I haven’t been posting as much about my recovery or therapy on this blog as I used to, because it’s grown so big and I feel more comfortable posting such deeply personal stuff on my other blog, because it’s so much smaller and has far fewer readers than this one does.
But I’m making an exception today, because of how important I think this dream I had last night is.
My subconscious mind seems to be revealing the most to me lately through my dreams. Later I tell my therapist about them, and we interpret them together. Sometimes though, the meaning is obvious to me and lately it’s getting easier for me to figure these dreams out on my own.
In my last therapy session, I was asked what my real self is really like. I wasn’t able to answer very well. I felt like I had to make things up. Chair Girl (my inner child, who I have “sit” in a chair in my therapist’s office, which is how she got her name) is so elusive, and only comes out intermittently. I know she’s shy and has the potential to be very loving, but sometimes it’s hard for me to capture her essence, who SHE is.
Last night, I had another beautiful dream that answered this for me.
I owned a strange object. It was a cat made out of black stone. But it wasn’t actually black stone. The person who gave it to me explained that this object had once been a real cat, who had been killed during a plane crash (but whose body somehow remained intact) and whose owner, a man from China, had the cat’s body cryogenically frozen and sealed, much like those services that do taxidermy on dead pets and send your pet back to you stuffed and fitted with glass eyes. But this cat wasn’t stuffed and it didn’t have glass eyes. It was hard as a rock, heavy, and shone like stone. Its eyes were sealed shut, forever sleeping.
I loved the cat anyway, and felt sad over what had happened to it. I liked to just sit with it and pet it, even though it was no more than an object and could never respond or give back any love. I sometimes wondered what he had been like, and I named him Max.
One day something very strange happened. I knew Max had been dead for years. But on this one day, while I was holding it in my arms, pretending it was a real cat, I heard a small mew. I looked down and saw that Max was trying to open his eyes. I almost dropped him in shock, but instead set him down gently on a chair and watched in amazement. I wasn’t sure what to do. This was scaring me. But I was frozen in place. I couldn’t stop watching.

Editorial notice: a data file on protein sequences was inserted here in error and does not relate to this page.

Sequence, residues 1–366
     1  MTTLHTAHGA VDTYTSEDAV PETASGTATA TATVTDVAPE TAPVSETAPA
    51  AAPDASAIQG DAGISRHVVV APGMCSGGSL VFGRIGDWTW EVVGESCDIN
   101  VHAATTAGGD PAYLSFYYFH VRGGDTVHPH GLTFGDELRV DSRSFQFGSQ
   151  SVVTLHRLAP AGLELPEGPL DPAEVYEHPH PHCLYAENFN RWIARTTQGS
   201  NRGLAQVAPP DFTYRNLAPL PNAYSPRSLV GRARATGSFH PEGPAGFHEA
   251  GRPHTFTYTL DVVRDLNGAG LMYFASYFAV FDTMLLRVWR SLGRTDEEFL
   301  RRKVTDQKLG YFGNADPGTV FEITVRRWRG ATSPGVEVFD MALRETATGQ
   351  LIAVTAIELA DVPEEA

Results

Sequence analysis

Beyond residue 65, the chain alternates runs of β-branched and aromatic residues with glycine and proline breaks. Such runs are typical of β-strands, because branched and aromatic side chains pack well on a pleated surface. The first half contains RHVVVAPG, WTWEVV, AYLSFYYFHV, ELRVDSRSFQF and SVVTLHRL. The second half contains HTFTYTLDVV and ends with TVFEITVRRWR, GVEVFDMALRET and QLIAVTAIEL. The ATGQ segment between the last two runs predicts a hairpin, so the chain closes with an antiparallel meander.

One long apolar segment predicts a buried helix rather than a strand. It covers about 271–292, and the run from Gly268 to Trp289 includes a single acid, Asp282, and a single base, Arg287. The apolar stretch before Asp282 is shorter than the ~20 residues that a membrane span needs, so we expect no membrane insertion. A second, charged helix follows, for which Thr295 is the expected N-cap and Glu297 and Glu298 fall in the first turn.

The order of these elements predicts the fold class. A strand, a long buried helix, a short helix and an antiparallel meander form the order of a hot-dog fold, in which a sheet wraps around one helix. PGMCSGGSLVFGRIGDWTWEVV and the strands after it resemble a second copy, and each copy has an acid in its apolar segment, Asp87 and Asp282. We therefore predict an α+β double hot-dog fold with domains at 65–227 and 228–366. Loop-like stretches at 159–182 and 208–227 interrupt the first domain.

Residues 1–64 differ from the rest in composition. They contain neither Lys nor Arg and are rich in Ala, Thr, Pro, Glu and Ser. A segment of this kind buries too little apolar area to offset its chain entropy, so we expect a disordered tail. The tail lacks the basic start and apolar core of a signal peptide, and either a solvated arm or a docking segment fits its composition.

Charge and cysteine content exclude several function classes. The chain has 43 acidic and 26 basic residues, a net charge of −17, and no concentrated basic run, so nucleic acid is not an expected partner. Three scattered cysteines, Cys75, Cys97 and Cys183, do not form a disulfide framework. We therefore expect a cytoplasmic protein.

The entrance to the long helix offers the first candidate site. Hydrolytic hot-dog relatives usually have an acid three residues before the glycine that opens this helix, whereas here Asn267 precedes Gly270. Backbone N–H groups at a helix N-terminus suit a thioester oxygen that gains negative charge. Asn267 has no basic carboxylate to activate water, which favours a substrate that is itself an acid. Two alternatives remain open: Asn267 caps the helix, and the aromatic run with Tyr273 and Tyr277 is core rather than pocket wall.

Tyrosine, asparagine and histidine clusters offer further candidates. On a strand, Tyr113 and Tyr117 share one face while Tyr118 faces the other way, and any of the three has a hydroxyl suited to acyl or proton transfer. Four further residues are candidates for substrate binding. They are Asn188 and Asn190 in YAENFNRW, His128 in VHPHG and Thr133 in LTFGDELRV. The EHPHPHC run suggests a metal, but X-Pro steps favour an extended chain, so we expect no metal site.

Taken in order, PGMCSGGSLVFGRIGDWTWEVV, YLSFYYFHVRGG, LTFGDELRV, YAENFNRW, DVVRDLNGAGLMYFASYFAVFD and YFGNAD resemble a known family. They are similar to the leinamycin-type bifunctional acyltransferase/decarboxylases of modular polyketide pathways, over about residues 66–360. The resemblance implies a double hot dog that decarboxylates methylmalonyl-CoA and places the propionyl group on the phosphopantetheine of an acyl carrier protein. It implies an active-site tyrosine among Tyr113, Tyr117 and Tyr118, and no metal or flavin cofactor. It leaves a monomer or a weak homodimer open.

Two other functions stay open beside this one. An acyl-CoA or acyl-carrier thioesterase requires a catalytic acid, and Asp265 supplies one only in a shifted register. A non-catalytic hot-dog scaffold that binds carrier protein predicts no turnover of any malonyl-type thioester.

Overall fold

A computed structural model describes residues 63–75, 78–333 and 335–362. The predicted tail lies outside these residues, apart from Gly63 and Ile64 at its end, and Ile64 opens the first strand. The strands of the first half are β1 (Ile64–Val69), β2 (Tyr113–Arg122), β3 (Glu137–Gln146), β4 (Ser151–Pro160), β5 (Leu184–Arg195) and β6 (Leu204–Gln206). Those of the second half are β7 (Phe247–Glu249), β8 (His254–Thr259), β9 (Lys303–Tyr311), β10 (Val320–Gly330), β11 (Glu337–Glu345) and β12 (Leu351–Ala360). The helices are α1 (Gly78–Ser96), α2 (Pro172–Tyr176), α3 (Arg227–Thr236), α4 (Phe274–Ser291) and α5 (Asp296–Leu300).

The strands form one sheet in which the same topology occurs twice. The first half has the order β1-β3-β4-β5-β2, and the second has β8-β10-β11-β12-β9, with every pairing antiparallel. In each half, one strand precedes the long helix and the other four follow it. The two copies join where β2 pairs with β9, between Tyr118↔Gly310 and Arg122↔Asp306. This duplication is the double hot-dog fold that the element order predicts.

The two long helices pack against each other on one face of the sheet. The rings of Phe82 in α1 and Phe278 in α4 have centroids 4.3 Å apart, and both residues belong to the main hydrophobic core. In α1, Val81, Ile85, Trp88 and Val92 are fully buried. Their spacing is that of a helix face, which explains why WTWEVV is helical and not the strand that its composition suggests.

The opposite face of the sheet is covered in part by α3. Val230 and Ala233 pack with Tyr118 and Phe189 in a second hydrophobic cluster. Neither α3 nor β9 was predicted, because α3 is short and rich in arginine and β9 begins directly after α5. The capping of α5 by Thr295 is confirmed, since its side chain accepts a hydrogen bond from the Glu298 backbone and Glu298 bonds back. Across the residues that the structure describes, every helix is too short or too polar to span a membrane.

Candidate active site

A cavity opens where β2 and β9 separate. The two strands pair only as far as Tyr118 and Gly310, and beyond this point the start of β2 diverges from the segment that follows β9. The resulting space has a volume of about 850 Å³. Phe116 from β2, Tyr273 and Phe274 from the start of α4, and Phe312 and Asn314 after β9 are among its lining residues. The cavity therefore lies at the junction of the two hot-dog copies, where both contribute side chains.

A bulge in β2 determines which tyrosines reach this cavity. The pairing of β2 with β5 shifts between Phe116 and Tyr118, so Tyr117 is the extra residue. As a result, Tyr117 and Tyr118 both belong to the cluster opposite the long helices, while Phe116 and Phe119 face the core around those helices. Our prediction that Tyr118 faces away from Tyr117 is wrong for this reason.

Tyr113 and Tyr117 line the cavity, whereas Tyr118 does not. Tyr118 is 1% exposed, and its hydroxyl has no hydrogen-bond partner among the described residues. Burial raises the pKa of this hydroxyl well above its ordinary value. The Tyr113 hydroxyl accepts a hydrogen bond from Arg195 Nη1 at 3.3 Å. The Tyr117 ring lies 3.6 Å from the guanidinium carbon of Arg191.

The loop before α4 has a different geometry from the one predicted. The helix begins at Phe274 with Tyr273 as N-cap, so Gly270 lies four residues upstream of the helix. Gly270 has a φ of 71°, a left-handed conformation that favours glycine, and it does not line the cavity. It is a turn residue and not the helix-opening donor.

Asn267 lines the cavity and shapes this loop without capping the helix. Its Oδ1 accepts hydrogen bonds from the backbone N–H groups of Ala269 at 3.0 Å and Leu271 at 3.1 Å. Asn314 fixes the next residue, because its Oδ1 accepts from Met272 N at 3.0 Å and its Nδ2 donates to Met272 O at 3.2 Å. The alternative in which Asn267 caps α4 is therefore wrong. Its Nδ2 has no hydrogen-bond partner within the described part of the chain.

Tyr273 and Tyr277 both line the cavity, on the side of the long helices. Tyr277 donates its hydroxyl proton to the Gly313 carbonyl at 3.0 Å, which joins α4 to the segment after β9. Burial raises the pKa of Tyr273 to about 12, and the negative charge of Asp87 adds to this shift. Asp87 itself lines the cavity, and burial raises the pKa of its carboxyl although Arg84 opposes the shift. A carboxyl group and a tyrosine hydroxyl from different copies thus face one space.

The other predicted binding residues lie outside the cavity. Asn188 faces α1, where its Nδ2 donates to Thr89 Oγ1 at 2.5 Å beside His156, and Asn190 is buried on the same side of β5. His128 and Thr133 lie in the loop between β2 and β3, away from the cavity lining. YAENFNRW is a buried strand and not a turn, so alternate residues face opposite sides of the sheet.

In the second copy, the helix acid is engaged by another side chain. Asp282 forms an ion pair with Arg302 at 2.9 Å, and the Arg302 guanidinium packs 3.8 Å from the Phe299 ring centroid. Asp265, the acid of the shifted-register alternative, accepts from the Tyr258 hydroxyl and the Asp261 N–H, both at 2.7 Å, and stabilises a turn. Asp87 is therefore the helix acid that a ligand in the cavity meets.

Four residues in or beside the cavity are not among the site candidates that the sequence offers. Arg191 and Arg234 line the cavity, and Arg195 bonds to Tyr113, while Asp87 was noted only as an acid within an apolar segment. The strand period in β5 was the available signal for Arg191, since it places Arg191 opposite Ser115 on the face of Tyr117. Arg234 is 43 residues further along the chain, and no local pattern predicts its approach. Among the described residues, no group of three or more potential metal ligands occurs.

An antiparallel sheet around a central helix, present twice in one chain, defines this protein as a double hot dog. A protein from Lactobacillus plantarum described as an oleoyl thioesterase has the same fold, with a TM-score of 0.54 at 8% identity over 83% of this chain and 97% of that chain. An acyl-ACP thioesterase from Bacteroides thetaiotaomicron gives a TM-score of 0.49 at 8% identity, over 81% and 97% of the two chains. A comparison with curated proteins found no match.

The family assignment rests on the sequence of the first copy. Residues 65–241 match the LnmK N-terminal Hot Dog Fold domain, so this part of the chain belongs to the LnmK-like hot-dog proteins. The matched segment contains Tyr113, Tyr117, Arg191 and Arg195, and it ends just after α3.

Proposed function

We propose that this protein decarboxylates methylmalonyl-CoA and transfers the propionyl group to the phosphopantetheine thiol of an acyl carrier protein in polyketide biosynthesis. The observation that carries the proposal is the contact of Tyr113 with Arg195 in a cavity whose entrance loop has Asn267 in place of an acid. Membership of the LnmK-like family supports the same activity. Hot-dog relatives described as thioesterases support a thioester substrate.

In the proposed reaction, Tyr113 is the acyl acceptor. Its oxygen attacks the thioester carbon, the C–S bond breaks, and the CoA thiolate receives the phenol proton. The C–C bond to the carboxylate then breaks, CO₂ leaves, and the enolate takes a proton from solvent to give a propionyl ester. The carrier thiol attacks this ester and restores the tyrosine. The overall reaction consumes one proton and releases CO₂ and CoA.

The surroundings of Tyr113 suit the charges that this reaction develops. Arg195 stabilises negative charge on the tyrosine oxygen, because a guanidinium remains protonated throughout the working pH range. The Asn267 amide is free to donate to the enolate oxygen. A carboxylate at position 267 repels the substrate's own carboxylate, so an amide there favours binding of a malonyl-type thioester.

Max began to transform. His cold stone body became a beautiful coat of reddish brown tabby fur, and his eyes, now opened, turned from black to brilliant blue. He started to breathe. He looked up at me and meowed loudly. It occurred to me he must be part Siamese, with those blue eyes and loud, raspy voice.
I asked him if he was hungry, and he immediately jumped down and walked regally toward the kitchen, as if he understood what I was asking him. He kept looking back at me, meowing. I happened to have some cat food and he ate as if he’d been starving. My shock having worn off, I felt love overflowing for this tiny animal. I picked Max up and held him and listened to him purr contentedly. He was so tiny but so beautiful and I realized that somehow, it was my love that had woken him up and transformed him back into a living, breathing, loving cat.
One of my favorite stories as a child was The Velveteen Rabbit, and I think it’s because of the universal truth in that story: that being loved is how one becomes real.
Max is the real me. By learning self-love and self-empathy, she’s waking up and making herself known. She’s becoming real.